At the end of the day, I endure. I do my best to hold my tongue, or to say placatory things if I think that’s appropriate, and I wait it out. I do this because, when it comes down to it, I love her more than I’ve loved anyone else in my life, I want her to have the best, happiest life possible, and I honestly believe that her life is better with me in it, and vice versa.

The things we do for love.

POSTSCRIPT: Sure enough, after almost three days of tampo, she apologised, explained how hard it is for her to be straightforward and express her anxieties when she’s upset, and everything returned to normal.

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An Autistic Christmas

I don’t make a big deal about Christmas. Why would I? I’m not religious, and I don’t have kids. As far as I can see, those two things are the only reasons to make a fuss about what, to me, is just an orgy of conspicuous consumption.

However, both of my major relationships have been with women who like to mark the occasion, so for almost all my life, I’ve reluctantly engaged in the annual activities of finding a tree (or dragging the artificial one out from under the bed), putting up lights, trying to find relatives’ addresses to send cards, cooking a roast dinner, often having to ensure the company of one or other side of the family, before taking everything down and putting it away a few days later and breathing a long sigh of relief.

In my current relationship, we’ve reached a kind of equilibrium where we have a small table-top tree with a handful of decorations and lights, we send small presents to my parents and my niece, we don’t send cards, we go for a walk on the morning of the 25th, followed by a nice dinner that I usually cook, and that’s pretty much it. I’m OK with that.

This year I had the bright idea of inviting my ex to join my partner and I for Christmas lunch. Not my best idea as it turns out.

Let me give this some context.

When I ended my previous major relationship in 2010, after a few months of awkwardness my ex and I decided that we should try to be friends; my own thinking was that if we couldn’t salvage something, then what had the last 20 years accomplished? Or something like that, it’s hard to explain. But anyway, we tried, and it worked, and we get along very well as friends. It’s probably how we should have stayed in the first place to be honest.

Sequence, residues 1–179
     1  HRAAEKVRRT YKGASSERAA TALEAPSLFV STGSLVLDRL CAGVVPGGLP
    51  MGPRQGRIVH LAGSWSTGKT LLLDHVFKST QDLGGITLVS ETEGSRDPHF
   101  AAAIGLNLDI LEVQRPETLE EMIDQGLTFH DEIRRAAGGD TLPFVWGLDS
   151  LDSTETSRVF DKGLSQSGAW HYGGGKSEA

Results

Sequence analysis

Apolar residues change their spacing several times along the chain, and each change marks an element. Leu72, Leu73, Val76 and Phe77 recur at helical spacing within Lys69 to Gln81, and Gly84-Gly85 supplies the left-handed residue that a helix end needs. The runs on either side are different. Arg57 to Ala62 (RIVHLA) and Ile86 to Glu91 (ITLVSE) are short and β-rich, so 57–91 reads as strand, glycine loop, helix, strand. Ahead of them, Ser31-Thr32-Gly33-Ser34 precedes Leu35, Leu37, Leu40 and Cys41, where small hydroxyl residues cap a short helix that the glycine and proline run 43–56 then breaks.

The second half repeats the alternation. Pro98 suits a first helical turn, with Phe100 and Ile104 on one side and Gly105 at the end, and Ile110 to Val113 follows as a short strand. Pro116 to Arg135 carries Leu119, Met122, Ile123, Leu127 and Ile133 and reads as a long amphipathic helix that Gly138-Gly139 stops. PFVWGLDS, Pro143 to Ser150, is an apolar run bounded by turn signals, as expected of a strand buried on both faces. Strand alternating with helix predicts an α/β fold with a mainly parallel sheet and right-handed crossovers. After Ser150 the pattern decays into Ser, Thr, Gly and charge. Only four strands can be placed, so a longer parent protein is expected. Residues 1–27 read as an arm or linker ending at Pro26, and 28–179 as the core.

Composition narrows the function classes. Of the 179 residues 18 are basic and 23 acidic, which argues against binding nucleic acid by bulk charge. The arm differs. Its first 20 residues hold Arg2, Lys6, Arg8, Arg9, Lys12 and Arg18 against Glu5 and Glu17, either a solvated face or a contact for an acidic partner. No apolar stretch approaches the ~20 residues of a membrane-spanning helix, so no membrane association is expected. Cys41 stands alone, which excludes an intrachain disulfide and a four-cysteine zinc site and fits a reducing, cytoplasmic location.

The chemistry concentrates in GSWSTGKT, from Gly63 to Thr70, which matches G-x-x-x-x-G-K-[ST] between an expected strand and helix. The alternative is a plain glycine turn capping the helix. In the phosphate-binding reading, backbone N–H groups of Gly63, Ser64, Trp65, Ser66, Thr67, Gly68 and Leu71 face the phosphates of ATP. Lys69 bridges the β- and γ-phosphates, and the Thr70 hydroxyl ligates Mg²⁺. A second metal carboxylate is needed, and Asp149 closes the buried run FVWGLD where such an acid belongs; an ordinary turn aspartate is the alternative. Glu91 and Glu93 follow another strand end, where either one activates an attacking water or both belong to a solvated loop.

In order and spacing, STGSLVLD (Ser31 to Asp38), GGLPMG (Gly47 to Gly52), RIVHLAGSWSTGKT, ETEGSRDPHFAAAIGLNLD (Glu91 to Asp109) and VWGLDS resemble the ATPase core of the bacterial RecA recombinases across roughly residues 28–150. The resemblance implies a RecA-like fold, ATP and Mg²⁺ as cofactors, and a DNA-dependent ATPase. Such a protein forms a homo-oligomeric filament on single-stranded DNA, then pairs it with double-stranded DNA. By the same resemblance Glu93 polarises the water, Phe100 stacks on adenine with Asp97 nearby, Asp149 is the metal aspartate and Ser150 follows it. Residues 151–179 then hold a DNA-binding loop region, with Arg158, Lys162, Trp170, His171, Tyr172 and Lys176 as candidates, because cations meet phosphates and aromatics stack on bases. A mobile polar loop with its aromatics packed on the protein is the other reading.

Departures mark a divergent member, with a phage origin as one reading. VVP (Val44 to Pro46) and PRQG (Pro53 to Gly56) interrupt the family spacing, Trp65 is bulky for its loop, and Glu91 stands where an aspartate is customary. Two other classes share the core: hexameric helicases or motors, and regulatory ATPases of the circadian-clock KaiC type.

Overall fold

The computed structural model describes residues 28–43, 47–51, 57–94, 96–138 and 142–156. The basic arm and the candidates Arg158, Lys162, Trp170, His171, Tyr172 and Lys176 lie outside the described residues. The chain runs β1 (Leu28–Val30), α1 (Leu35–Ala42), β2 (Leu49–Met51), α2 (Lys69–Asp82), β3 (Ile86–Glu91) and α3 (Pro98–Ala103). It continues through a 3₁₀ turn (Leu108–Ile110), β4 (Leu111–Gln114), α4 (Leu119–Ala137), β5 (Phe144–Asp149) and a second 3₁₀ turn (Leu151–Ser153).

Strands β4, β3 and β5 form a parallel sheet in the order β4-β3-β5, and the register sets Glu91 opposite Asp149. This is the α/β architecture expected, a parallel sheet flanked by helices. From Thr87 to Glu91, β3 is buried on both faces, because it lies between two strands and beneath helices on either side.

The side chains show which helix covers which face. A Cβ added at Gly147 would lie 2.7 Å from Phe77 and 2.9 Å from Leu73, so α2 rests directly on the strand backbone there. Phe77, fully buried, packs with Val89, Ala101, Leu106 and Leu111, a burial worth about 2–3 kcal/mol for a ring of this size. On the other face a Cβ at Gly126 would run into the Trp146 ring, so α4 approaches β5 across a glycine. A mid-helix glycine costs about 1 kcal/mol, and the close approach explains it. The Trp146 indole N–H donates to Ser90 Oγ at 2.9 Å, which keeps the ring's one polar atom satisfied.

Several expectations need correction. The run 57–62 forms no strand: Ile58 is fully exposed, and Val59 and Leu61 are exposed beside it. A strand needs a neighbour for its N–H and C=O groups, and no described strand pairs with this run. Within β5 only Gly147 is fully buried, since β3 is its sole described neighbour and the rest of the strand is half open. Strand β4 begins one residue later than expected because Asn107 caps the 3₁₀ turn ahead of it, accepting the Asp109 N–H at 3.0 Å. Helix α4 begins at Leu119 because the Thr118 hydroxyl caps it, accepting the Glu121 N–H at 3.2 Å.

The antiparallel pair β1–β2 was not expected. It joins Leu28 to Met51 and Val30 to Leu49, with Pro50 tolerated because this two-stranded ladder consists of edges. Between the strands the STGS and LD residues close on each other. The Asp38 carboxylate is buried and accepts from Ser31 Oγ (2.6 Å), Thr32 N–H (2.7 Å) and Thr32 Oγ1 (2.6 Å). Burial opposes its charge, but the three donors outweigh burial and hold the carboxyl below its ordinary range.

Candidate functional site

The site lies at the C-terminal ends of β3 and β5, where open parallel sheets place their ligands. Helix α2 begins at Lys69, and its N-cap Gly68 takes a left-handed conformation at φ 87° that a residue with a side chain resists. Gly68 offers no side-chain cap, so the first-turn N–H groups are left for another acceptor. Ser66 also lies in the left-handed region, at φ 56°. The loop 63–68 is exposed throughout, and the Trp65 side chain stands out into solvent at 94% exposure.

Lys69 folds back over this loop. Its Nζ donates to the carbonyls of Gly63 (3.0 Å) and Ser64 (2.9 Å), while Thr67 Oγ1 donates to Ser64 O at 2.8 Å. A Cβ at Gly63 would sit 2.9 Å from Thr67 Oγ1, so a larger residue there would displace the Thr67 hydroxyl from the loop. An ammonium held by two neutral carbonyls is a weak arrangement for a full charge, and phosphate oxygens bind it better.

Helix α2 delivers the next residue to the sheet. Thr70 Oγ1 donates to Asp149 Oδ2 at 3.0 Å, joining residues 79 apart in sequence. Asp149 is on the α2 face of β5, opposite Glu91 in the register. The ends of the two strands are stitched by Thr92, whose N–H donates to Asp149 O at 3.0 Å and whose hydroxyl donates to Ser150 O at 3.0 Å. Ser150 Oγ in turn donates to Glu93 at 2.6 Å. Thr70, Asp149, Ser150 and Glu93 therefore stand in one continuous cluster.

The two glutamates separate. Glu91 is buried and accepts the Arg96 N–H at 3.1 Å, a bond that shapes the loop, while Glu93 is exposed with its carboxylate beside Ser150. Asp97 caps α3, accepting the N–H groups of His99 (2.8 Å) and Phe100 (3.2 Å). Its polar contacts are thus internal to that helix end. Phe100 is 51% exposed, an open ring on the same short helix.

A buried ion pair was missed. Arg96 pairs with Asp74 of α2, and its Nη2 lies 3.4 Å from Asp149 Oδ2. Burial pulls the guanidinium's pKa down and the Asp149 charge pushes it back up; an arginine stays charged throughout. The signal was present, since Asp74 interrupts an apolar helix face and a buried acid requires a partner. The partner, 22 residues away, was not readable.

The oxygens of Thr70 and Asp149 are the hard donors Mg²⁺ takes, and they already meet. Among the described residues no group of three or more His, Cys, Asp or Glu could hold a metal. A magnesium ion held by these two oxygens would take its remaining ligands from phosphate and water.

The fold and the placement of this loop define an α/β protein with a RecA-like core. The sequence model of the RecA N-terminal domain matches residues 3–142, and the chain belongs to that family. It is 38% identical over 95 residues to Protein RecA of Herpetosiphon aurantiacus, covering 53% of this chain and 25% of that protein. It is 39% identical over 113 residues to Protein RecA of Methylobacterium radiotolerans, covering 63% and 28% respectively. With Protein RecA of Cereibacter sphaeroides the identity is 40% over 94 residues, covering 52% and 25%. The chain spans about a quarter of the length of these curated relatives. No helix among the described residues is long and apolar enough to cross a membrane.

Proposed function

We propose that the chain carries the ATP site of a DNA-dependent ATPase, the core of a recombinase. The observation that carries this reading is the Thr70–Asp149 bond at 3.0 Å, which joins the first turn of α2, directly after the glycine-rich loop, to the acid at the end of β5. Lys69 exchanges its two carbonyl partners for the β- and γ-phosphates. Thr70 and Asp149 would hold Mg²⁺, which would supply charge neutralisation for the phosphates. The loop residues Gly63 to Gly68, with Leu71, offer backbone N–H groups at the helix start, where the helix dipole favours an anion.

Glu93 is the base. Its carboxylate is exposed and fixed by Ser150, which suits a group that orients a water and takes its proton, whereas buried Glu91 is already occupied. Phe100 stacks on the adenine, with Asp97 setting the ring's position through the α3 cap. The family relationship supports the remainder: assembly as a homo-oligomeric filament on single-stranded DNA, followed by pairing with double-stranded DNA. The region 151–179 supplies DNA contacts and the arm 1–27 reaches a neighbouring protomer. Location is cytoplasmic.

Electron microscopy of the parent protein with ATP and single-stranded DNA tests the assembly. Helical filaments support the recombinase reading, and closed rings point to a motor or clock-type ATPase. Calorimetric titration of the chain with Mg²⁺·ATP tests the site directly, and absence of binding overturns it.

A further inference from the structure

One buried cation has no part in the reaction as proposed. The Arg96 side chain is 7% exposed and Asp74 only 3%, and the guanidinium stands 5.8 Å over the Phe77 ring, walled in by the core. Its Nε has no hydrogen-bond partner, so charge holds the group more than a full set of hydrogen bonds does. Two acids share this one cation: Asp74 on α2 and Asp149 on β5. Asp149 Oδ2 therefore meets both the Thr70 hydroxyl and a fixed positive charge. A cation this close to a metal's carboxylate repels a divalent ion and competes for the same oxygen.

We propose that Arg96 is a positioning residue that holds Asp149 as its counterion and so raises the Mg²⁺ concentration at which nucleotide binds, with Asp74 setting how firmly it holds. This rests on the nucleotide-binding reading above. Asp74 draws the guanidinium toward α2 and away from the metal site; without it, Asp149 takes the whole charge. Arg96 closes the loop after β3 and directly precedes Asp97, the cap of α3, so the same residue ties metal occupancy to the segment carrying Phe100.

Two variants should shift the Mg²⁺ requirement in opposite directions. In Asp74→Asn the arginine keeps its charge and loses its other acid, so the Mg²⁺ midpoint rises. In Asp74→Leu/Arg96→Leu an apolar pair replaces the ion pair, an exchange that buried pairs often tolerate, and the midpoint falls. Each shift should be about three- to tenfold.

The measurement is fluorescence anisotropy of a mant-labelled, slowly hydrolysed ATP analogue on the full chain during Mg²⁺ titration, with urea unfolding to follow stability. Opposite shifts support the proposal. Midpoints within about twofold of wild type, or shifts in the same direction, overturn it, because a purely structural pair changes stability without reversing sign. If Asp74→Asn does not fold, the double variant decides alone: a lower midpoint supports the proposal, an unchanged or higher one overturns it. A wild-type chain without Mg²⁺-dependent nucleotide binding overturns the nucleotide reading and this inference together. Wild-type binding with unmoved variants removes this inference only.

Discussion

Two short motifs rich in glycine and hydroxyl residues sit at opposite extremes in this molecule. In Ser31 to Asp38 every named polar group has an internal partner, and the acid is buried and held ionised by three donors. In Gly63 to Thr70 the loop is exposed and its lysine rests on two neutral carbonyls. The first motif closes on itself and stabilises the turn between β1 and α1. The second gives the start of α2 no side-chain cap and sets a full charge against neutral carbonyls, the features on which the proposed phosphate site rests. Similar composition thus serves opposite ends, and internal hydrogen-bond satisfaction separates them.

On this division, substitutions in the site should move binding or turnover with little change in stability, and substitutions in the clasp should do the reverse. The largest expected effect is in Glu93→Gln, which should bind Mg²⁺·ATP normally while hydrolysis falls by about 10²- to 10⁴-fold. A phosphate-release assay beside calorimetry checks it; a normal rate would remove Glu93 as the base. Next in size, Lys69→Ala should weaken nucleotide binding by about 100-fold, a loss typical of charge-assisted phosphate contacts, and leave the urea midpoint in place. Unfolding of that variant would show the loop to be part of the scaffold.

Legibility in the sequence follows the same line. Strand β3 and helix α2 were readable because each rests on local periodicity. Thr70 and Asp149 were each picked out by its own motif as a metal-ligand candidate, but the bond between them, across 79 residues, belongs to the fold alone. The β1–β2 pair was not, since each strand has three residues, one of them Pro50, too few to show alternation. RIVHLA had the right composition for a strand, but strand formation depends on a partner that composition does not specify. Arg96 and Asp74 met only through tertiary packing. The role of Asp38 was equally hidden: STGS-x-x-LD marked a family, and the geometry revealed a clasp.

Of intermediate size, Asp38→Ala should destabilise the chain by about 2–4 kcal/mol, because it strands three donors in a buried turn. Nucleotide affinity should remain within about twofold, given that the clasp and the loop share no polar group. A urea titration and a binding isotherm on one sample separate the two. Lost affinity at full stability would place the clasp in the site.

Since starting my current relationship in 2012, I made it clear to my partner that my ex and I were on good terms, and since then we’ve met up together (all three of us) a number of times – dinner at our house, coffees at my ex’s, etc. At one point my partner remarked that it was a hard concept for her to wrap her head around, the fact that I was still friends with my ex, but that she was OK with it. Too bad I’m hopeless at reading between the lines, otherwise I might have realised that the cultural gap was too great (my partner is from south east Asia) and she was just trying to deal with it for my sake, while feeling deeply uncomfortable with the situation.

Us autists are often labelled as lacking empathy, which is actually not true. We can feel things like compassion very deeply, but often it can be overwhelming because our brains can’t process it properly, leading us to try and block it out and by doing that, giving the impression of being cold and lacking emotion. Either that or we feel compelled to act on our feelings in situations where non-autistic people might have more success reigning in their emotions and realising what is appropriate and what is not.